Categories of Analysis for LCAs

To summarize, a life cycle assessment begins with a period dedicated to laying crucial groundwork. A well-bounded scope, together with a thoughtful and detailed plan of action, will define the structure and approach of the analysis. Once data collection begins, experts conducting an LCA usually follow three main steps.

The first step is the Inventory Analysis. Chiefly, it is an enumeration of all inputs used for creating a product. Depending on the LCA’s timeframe, we may consider any period from raw materials to end-of-life. Each phase gets assessed according to any processes that require energy or resources.

Enviropass resources
Life Cycle Assessement Make this World Better

The second phase is the Impact Analysis. Completing the inventory will likely result in a list of processes associated with the product and relevant timeframe. This next step helps categorize the list and allows us to quantify any process outputs, including unwanted by-products.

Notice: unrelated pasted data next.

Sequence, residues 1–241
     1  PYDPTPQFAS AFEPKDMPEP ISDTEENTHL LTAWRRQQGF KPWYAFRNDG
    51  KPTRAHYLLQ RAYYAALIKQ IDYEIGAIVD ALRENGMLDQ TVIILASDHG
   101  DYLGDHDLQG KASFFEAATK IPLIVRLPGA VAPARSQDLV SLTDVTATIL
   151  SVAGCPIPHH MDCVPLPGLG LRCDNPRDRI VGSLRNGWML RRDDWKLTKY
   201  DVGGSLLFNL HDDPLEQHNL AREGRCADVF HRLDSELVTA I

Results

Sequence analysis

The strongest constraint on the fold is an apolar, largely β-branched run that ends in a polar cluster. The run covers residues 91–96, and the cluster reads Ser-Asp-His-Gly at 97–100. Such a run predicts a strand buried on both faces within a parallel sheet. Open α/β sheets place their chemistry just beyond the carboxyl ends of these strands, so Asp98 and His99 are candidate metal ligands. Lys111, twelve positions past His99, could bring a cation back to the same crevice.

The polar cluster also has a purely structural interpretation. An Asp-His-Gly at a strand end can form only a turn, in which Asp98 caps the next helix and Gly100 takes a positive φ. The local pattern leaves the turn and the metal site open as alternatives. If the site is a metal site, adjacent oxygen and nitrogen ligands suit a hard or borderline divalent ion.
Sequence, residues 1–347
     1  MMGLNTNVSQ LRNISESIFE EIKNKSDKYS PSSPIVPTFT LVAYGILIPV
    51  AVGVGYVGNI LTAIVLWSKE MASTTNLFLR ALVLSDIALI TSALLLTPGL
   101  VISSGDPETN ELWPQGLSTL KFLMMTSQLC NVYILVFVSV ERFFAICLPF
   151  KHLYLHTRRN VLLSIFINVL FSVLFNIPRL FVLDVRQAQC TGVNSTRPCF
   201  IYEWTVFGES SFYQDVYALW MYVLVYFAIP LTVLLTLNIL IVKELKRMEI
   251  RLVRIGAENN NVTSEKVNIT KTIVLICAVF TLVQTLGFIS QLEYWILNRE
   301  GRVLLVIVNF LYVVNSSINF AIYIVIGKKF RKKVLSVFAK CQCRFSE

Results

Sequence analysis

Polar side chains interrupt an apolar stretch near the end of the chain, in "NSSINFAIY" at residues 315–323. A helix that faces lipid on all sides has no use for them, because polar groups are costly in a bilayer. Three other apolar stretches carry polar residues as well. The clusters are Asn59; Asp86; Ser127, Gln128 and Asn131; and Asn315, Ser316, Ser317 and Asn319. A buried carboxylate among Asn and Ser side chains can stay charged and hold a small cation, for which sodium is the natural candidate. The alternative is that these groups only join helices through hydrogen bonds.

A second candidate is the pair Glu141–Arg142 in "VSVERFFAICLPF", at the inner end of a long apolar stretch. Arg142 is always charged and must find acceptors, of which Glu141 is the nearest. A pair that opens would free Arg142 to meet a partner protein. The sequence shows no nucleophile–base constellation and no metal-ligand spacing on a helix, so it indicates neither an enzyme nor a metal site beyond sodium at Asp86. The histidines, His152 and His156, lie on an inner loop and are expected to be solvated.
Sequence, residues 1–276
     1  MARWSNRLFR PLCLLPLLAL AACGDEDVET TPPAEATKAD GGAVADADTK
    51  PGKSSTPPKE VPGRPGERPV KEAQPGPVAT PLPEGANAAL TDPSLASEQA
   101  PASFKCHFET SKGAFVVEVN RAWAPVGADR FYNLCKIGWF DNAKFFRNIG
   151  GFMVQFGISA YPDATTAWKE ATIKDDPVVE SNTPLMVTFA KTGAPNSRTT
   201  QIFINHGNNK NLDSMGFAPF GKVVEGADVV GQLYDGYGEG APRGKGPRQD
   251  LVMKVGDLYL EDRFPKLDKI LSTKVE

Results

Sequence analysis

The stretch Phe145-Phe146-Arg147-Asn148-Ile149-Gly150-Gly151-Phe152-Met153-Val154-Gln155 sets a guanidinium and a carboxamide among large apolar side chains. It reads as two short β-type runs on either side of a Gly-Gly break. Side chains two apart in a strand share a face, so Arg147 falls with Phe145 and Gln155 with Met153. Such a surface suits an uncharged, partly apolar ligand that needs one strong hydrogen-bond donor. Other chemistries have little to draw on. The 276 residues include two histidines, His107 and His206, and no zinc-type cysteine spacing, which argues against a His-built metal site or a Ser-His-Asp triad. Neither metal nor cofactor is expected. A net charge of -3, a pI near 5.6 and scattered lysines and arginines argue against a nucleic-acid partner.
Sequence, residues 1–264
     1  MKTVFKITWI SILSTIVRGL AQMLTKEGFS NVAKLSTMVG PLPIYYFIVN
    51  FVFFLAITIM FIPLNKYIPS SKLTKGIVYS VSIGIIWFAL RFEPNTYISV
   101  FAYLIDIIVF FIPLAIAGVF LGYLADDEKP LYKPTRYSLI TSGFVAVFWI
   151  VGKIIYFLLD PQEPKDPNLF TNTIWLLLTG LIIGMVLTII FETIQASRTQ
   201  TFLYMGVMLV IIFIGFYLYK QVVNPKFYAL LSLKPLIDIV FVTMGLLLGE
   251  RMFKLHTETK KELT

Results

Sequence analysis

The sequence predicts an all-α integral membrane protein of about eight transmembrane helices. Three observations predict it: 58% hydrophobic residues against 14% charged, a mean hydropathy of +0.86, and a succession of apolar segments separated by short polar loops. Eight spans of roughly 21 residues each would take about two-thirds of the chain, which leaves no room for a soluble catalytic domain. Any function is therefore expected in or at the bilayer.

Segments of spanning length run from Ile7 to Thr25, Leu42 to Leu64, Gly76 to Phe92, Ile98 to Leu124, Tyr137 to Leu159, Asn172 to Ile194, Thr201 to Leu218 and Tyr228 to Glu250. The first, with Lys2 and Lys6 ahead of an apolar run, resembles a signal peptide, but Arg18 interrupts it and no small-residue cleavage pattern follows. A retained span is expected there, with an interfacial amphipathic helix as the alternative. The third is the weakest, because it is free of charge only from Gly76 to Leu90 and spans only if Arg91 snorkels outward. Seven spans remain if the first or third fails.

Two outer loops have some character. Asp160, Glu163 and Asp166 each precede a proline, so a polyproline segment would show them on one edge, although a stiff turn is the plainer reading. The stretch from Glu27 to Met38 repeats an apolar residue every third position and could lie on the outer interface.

Usually, categories are specific enough so that the analysis maintains direction and relevance. However, they must also be open-ended enough so that we can include every process. Therefore, performing the impact analysis is a particularly delicate exercise. Strong execution of this critical step requires foresight and creativity.

Finally, the Improvement Analysis lays out measurable, attainable goals for mitigating environmental impact. The LCA may uncover areas of production that require special attention; outdated exhaust treatment systems and transportation redundancies are some examples. Consequently, the improvement analysis should result in a straightforward plan for tackling these issues. Improvements should be quantifiable and expressed via the LCA’s functional unit.

Why is LCA important?

LCAs have become popular tools for optimizing product ecodesign. Identifying the costs, inputs, and losses associated with a product provides deeper insight into the methods used for bringing it to market. However, collecting and organizing the sheer amount of information can be overwhelming.

Therefore, a well-designed LCA allows us to classify, analyze, and deconstruct the steps in a production process. Quality assessments using modern methods are easy to maintain. Experts construct them layer-by-layer to provide a range of perspectives according to their needs.